downfall.

12. (C) Muhammad Sodiq also commented on the situation of

religious freedom in Tajikistan, which he said had seriously

worsened in recent months.  Restrictions now included harsh

limitations on the length and frequency of imams' sermons, as

well as religious ceremonies such as weddings.

13. (C) Muhammad Sodiq commented on Uzbekistan's religion

law, saying that its ban on private religious education was a

specific response to the increased threat of terrorism

several years ago.  Now that the terrorist threat has

diminished somewhat, he said, some of the restrictions on

education should be dropped.  He noted that both he and his

daughter teach religion in their home without direct

permission from authorities.  These teachings have helped to

bring more worshipers to the mosques.  Based on the questions

he received via his website, Muhammad Sodiq thought the level

of religious understanding was improving.  He did acknowledge

that innocent people were sometimes accused of extremism, but

said that in the majority of cases that he personally had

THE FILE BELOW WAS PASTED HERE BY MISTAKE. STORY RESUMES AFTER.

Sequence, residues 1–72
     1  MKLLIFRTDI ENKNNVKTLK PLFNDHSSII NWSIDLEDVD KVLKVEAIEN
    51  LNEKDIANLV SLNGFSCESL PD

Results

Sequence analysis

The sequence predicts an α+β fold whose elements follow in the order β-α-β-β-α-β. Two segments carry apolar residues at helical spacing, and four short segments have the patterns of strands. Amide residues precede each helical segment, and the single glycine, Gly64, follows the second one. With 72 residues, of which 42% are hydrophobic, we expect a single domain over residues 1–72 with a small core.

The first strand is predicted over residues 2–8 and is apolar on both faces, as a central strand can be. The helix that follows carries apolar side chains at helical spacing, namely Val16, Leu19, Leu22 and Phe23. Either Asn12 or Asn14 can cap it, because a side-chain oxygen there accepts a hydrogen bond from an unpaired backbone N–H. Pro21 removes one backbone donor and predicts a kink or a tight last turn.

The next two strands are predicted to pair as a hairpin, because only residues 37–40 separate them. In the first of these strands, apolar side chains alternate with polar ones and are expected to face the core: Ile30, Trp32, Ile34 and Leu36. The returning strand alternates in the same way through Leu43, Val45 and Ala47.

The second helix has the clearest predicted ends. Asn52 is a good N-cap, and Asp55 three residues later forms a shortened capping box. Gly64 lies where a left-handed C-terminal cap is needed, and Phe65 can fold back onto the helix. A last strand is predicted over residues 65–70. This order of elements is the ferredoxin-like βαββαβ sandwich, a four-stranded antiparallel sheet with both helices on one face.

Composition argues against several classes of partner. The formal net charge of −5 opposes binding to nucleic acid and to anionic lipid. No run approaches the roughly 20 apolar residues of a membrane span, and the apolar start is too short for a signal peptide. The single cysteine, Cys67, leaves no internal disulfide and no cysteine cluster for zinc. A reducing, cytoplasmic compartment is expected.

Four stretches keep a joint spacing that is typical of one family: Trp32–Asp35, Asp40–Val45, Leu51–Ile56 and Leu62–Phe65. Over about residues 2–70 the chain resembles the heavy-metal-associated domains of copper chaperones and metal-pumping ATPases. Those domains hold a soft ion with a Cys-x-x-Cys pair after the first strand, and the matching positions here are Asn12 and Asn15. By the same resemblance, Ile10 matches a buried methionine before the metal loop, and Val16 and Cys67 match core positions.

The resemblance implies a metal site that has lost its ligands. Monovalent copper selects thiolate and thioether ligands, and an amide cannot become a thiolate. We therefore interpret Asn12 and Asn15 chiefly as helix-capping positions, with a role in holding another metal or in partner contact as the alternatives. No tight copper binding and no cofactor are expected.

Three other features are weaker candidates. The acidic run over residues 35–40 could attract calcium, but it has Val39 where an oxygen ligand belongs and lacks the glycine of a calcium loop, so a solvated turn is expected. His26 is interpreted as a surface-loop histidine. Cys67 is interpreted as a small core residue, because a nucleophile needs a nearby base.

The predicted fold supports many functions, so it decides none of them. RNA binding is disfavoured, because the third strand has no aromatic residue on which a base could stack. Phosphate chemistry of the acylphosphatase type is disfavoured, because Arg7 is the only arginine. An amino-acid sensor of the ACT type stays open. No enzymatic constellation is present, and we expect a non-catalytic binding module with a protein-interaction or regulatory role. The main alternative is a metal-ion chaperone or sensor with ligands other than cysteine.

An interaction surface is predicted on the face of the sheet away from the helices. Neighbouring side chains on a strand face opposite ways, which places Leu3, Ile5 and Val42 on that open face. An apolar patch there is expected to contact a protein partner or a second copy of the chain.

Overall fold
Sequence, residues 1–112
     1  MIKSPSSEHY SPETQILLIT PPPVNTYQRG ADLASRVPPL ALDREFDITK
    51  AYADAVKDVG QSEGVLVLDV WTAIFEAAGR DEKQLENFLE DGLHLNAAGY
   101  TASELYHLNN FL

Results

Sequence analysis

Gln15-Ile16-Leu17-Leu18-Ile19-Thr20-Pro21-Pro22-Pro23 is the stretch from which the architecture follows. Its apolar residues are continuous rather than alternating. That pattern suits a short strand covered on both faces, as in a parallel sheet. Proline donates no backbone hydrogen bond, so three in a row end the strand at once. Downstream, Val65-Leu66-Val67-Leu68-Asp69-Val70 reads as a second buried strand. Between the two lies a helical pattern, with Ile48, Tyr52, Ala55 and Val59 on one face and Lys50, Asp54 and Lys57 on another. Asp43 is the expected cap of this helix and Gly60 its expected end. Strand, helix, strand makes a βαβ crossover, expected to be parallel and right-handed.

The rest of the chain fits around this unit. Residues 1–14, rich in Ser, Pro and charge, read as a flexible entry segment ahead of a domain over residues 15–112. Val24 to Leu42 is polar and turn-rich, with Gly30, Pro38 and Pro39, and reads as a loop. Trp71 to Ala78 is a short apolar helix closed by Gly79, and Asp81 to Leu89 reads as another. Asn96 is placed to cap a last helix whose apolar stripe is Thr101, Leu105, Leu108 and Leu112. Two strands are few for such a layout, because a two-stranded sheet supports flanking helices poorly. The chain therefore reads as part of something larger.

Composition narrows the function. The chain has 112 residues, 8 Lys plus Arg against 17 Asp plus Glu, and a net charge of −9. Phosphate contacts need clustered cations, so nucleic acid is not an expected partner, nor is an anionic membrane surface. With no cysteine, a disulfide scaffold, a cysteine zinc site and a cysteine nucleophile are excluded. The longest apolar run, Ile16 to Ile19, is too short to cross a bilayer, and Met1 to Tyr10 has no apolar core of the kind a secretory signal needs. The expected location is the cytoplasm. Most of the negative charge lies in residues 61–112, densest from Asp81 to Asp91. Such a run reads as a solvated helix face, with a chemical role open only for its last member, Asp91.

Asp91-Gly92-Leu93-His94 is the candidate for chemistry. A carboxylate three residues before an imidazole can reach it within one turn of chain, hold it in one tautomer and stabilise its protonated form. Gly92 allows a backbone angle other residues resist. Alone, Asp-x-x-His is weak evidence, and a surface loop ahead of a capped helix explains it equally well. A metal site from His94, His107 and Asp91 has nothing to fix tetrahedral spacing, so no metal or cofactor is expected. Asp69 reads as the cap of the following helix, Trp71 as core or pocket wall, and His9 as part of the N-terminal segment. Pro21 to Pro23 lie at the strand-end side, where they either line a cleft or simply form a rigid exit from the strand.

examined, the prisoners were in fact guilty of a crime.

Trip to Bukhara

---------------

14. (SBU) During a one-day visit to Bukhara on June 28,

Ambassador Hanford toured the Naqshbandi shrine complex, one

of the most important Sufi shrines in Central Asia, with Imam

Qotib Abdugofur Razzoq, the Head Imam of Bukhara Province.

Hanford met also with Rabbi Aron Siyanov, Chairman of the

local Jewish Community Yusuf Ustaev and Chairman of the

Jewish Cultural Center Abram Iskhakov.  Rabbi Siyanov said

that the Jewish community in Bukhara has dwindled from 80,000

in 1990 to only 600 today, with most emigrating to the United

States or Israel.  However, Siyanov noted that while Bukhara

only had one synagogue in 1990, thanks to Government support,

a second synagogue has recently opened.  He vehemently

testified to the complete religious freedom that the

government grants to the Jewish community, as well as

financial support which the community receives from local

businesses.

TASHKENT 00001301  004.2 OF 004

15. (SBU) Ambassador Hanford was greeted by Imam Ibrohim

Habibov at the Hoji Mir-Ali Shia Mosque.  Habibov stressed

that Bukhara's Shia minority lived in harmony with its Sunni

majority.  Imam Habibov said that between 150,000 and 200,000

Shia live in the Bukhara region.  Many of Uzbekistan's Shia

are traders and small merchants, traveling frequently to

other Central Asian countries, Iran and the Gulf.  Habivov